Copenhagen Central Station is used as a location at 1:12:36 in the 1975 Olsen-banden film The Olsen Gang on the Track. Egon (Ive Sorgæe) hides a suitcase in the luggage storage at Copenhagen Central Station in The Olsen Gang Outta Sight (1977) and the lost luggage department is also used as a location later in the same film.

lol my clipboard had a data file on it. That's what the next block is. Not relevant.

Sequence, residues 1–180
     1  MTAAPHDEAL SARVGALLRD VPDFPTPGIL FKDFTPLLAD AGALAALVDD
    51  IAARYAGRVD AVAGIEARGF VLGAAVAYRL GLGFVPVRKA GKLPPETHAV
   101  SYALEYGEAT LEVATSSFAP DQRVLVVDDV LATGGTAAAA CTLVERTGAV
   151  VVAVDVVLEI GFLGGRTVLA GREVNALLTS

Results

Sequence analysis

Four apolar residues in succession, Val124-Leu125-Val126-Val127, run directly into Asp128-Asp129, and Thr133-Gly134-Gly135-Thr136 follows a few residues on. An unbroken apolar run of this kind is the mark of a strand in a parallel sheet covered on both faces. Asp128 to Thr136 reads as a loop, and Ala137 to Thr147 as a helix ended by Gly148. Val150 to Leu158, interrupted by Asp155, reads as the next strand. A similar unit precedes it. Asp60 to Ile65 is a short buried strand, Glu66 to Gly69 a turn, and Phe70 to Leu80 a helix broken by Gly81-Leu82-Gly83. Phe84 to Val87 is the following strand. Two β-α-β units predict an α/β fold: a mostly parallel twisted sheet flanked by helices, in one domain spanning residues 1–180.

|Wikimedia Commons has media related to Københavns Hovedbanegård.|
- "Travelling in Denmark". DSB. Retrieved 25 November 2013.
- All stations were built firs this site shows how far the drilling of the tunnels have come 
- All the first four lines are shown here, a bit down
- "Film 7 Olsen banden på sporet / Die Olsenbande stellt die Weichen". olsenbande-homepage.de (in German). Retrieved 5 October 2017.
- "Film 9 Olsen Banden deruda / Die Olsenbande schlägt wieder zu". olsenbande-homepage.de (in German). Retrieved 5 October 2017.